The south I know holds an ancient pang, ancient like I say
and my late grandma said here, as if with an x or a hint
of an ain’t. Air lopes like a barn cat from the grass. The rain
earlier paused without urgency; our crepe myrtles doubly genuflect
in its damp. Planning to go west, soon now, feels makeshift: a movement
attempted in a nautical twilight, an invisible horizon waiting
for a low and buttered break. It feels like leaving again
the land I left already. Remember back at the farm, after picking up
hay? my father asked me recently. How the air was so soft you could wrap it
around you. What’s past arches at the roof of my mouth like salt. In an ocean
I remember, the brown water, cold, unrolls cleanly,
paper over me.
moon and no day to match it. Not yet 9 o’clock a girl walks by the bus on Pine with sores on both heels from her shoes. I suspect that I am not doing this right feel the bubble of leak in my chest when passing arrows to low clouds out the crack in my window. (moon with palmfuls of air) On the bus I stand above a woman cupping devil’s ivy in a yellow pot to her chest plant in hand in other hand. In my eye the pampas grass on the old state line blinking in the bright. (stand-and-wait moon) The old appalachian muds don’t redden my shoes or sidewalks any more. What use is a new mountain. (four crows in a line looking moon) When we listen to the fire trucks pass on the road feet from our chairs we are small or melting. In our apartment on the concrete floor I arrange water in straight lines then lick them up. Where is the moon for holding my horses or for getting out of your hair. I am leaving marks. My blood beats between my calves and they nose each other like animals. I live here now and in my body the salt and sweet are green and good and not enough.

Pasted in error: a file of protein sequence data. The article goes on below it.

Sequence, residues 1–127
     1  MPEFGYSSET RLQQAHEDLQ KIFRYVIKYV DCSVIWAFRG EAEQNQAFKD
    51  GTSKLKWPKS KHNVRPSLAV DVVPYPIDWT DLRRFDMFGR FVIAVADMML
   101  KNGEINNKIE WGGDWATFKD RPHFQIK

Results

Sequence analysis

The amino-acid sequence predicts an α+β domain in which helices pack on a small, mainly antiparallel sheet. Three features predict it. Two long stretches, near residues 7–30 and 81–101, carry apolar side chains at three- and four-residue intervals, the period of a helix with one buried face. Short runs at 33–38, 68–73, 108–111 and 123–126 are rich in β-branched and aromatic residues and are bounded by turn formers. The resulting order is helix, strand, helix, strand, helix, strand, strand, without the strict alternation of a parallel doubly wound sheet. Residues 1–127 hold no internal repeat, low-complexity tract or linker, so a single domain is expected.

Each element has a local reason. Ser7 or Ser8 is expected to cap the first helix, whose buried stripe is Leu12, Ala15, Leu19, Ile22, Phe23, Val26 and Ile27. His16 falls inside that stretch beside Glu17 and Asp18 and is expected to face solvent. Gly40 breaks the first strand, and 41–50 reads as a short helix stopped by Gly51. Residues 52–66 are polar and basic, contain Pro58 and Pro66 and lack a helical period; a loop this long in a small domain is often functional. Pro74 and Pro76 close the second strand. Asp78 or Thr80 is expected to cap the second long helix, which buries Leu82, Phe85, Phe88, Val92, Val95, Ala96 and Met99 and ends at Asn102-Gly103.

I don’t understand this growing season: the blue bones of the mountain press
through the snow, the leaves of the London planes across my street turn
sickly green like bruised limes, and yet on a walk I take each day
a fresh Queen Anne’s lace opens its tatted hands to me.
The water is so heavy here, a stooped white sound
draped in the cedars’ gaps. We are mourning when
the lichen murmurs over fallen limbs and when the bark
of the graffitied tree shines bluely off the path and when skin wrinkles
and pales like berries left too late on a branch. The sky dips low, bobs into sleep
over the distant peaks, pendants like that weight in my abdomen echoing
in the opened spaces. There I feel what I see: dried grasses
colorless and juddering. I know a person can live most anywhere.
Our Lady of the Blue Ridge
On that thirtieth north, feels like, I can go north no
more. But you’re moving, you’d say, and you’d be right
and wrong for what you’re missing on earth. Our silvers rose
these past few weeks, as the temperature came closer to
skin’s. I wish you’d lay, I wish you’d lay me
down fluffed or washed, spindled or carded. This is
not coming easy. There are parts of you leaving. I’m misplacing
accents with the loss of home-tongue. My brother at the sleek
table refusing vegetables and she’d tell him well you just don’t know
what’s good. I’d give it up, what good I’ve got. And on Saturday
morning before they leave, we have our own preacher
on the corner, 12th & Main, preaching, says my father, says our father.
Emma Aylor is the author of Twos (Dancing Girl Press, 2014), and her poems have appeared or are forthcoming in Handsome, The Adirondack Review, Two Serious Ladies, Sugar House Review, Vinyl, and elsewhere. She was born and raised in rural Virginia and now lives in Seattle, where she is an MFA candidate and teaching fellow at the University of Washington.